Recently, we have been fighting with a weird issue that was happenning to one of our ASP.NET Core web apps hosted in Azure App Service.

The app was using ASP.NET Core Identity with cookie authentication. Customers reported to us that the application randomly signs them out.

What confused us was at first the fact that the app was being used mostly on mobile devices as PWA (Progressive Web App), and the iOS version was powered by Cordova. Since we have been fighting with several issues on Cordova, it was our main suspect – originally we thought that Cordova somehow deletes the cookies.

Cookies were all right

Of course, first we made sure that the application issues a correct cookie when you log in. We’ve been using default settings of ASP.NET Core Identity (14 days validity of the cookie and sliding expiration enabled).

We got most of the problem reports from the iOS users - that’s why we started suspecting Cordova. We googled many weird behaviors of cookies, some of them were connected with the new WKWebView component, but most of the articles and forum posts were caused by session cookies which normally get lost when you close the application. Our cookies were permanent with specified expiration of 14 days, so it wasn’t the issue.

It took us some time until we figured out that the issue is not present only in the Cordova app, but everywhere – later we tried to open the app from a browser on PC and it signed us out.

What was strange - the cookie was still there, it was before its expiration, I checked with Fiddler that it was actually sent to the server when I refreshed the page.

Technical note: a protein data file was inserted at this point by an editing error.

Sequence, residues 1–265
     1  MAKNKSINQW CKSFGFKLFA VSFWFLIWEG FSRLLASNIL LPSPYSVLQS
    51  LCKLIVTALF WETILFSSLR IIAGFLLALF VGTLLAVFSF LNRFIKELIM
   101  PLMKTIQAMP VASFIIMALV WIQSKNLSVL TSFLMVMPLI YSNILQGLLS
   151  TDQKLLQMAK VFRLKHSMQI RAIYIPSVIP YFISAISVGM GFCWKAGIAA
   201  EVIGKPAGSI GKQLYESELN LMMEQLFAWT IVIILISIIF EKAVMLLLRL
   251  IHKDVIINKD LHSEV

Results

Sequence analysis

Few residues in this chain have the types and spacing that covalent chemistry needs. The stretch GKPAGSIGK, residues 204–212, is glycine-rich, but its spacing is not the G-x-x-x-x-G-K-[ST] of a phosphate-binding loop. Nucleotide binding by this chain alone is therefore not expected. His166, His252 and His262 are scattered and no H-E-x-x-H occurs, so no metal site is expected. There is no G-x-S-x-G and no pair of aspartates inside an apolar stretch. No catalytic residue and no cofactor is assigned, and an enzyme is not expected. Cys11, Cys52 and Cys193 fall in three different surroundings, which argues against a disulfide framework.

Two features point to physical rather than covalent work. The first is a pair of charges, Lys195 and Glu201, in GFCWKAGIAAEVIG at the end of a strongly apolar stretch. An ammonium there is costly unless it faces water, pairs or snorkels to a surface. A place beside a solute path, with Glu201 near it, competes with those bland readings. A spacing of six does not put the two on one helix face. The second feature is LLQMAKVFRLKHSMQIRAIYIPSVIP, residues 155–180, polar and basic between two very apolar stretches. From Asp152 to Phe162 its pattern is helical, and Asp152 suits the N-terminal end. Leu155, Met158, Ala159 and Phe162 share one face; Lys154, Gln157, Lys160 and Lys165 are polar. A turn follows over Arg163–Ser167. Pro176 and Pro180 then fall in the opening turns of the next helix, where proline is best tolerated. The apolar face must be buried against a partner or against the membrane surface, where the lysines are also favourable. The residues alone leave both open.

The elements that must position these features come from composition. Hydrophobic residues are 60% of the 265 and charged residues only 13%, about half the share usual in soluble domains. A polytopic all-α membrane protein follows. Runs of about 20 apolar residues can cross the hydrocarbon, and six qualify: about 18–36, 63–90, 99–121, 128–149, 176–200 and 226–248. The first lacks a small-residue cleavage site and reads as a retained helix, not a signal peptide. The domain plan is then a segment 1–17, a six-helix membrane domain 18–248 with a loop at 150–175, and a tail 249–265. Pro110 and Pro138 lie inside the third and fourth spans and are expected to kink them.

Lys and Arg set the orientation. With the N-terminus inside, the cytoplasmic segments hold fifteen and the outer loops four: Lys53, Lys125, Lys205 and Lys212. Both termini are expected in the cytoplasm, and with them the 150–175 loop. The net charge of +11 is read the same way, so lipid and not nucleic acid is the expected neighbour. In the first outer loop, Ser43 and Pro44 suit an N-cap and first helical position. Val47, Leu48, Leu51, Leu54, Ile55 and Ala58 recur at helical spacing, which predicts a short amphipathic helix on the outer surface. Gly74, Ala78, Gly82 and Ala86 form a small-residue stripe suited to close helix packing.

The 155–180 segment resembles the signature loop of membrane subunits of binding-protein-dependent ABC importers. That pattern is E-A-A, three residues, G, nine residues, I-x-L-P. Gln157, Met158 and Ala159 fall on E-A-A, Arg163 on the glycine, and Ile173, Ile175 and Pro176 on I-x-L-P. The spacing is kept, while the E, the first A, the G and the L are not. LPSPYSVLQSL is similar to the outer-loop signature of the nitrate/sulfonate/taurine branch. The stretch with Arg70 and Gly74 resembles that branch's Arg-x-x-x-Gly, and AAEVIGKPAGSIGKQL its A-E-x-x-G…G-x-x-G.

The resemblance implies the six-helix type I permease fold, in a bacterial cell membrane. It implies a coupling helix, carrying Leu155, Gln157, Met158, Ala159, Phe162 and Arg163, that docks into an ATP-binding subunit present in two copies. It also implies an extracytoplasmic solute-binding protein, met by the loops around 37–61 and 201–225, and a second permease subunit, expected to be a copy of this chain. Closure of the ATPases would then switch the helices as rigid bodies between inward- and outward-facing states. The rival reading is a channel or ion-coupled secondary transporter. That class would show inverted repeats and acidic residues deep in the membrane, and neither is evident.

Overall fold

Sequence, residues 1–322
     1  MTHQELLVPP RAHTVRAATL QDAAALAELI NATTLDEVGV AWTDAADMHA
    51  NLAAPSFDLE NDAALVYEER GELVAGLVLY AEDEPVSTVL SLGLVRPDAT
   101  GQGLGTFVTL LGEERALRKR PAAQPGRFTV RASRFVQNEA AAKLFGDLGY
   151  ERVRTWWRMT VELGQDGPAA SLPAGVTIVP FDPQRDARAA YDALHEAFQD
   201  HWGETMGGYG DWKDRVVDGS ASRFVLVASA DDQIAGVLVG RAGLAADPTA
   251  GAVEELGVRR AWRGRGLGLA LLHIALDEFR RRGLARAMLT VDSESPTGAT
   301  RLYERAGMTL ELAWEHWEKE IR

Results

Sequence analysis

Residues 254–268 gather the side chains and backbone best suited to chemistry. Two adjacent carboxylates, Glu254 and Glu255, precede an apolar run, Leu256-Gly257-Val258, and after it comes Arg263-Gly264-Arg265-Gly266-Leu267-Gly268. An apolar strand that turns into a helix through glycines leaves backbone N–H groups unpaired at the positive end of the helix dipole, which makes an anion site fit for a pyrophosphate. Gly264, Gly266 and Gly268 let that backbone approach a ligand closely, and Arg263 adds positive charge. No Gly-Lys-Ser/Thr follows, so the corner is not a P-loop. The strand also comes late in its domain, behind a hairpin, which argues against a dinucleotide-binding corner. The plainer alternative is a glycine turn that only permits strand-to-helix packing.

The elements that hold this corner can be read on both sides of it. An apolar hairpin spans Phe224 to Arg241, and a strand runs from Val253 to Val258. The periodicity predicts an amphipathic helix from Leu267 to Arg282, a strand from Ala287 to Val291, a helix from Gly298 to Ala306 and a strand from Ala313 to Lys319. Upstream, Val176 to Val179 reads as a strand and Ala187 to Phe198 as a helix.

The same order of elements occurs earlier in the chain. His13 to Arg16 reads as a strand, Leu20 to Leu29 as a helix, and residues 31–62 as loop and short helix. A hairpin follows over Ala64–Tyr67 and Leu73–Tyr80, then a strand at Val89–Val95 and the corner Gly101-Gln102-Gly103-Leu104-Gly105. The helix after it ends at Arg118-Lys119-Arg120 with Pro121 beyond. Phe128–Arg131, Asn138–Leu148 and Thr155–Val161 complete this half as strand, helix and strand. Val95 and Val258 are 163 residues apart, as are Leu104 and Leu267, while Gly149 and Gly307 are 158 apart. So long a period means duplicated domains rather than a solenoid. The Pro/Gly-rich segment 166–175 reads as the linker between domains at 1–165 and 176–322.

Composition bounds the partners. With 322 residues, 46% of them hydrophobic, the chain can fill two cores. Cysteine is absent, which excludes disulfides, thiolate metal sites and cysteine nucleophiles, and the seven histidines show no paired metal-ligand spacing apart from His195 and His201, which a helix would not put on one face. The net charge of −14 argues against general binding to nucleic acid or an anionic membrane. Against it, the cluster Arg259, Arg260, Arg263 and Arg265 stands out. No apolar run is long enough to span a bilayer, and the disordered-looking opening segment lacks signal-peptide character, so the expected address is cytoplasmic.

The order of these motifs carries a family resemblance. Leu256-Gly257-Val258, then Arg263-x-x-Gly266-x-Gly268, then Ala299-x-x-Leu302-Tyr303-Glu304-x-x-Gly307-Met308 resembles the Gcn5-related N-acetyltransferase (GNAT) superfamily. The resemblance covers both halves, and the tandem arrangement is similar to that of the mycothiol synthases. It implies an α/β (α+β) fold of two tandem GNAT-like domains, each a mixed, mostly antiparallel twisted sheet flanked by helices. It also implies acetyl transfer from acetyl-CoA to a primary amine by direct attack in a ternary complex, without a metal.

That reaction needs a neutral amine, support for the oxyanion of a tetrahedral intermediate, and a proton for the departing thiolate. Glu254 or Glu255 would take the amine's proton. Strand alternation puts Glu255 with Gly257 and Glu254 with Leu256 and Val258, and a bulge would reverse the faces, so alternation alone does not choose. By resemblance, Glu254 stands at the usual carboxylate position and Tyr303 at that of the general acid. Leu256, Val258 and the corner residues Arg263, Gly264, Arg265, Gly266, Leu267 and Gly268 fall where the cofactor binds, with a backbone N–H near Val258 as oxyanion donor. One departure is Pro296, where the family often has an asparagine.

But the tokens…

Then I got an idea – maybe the cookie is still valid, but the token inside has expired. Close enough - it wasn’t the real cause, but it helped me find the real problem.

I tried to decode the authentication cookie to see whether there is some token expiration date or anything that could invalidate it after some time.

Thanks to this StackOverflow thread, I created a simple console app, loaded my token in it, and got the error message “The key {xxxxxxxx-xxxx-xxxx-xxxx-xxxxxxxxxxxx} was not found in the key ring.

var services = new ServiceCollection();
var serviceProvider = services.BuildServiceProvider();

var cookie = WebUtility.UrlDecode("<the token from cookie>");

var dataProtectionProvider = serviceProvider.GetRequiredService<IDataProtectionProvider>();
var dataProtector = dataProtectionProvider.CreateProtector("Microsoft.AspNetCore.Authentication.Cookies.CookieAuthenticationMiddleware", "Identity.Application", "v2");

var specialUtf8Encoding = new UTF8Encoding(encoderShouldEmitUTF8Identifier: false, throwOnInvalidBytes: true);
var protectedBytes = Base64UrlTextEncoder.Decode(cookie);
var plainBytes = dataProtector.Unprotect(protectedBytes);
var plainText = specialUtf8Encoding.GetString(plainBytes);

var ticketDataFormat = new TicketDataFormat(dataProtector);
var ticket = ticketDataFormat.Unprotect(cookie);

OK, it is a good thing to get this exception – of course I didn’t have the key on my PC so I wasn’t able to decode the cookie.

So I looked in the Kudu console of my Azure App Service (just go to This console offers many tools and there is an option to browse the filesystem of the web app.

Where are your data protection keys?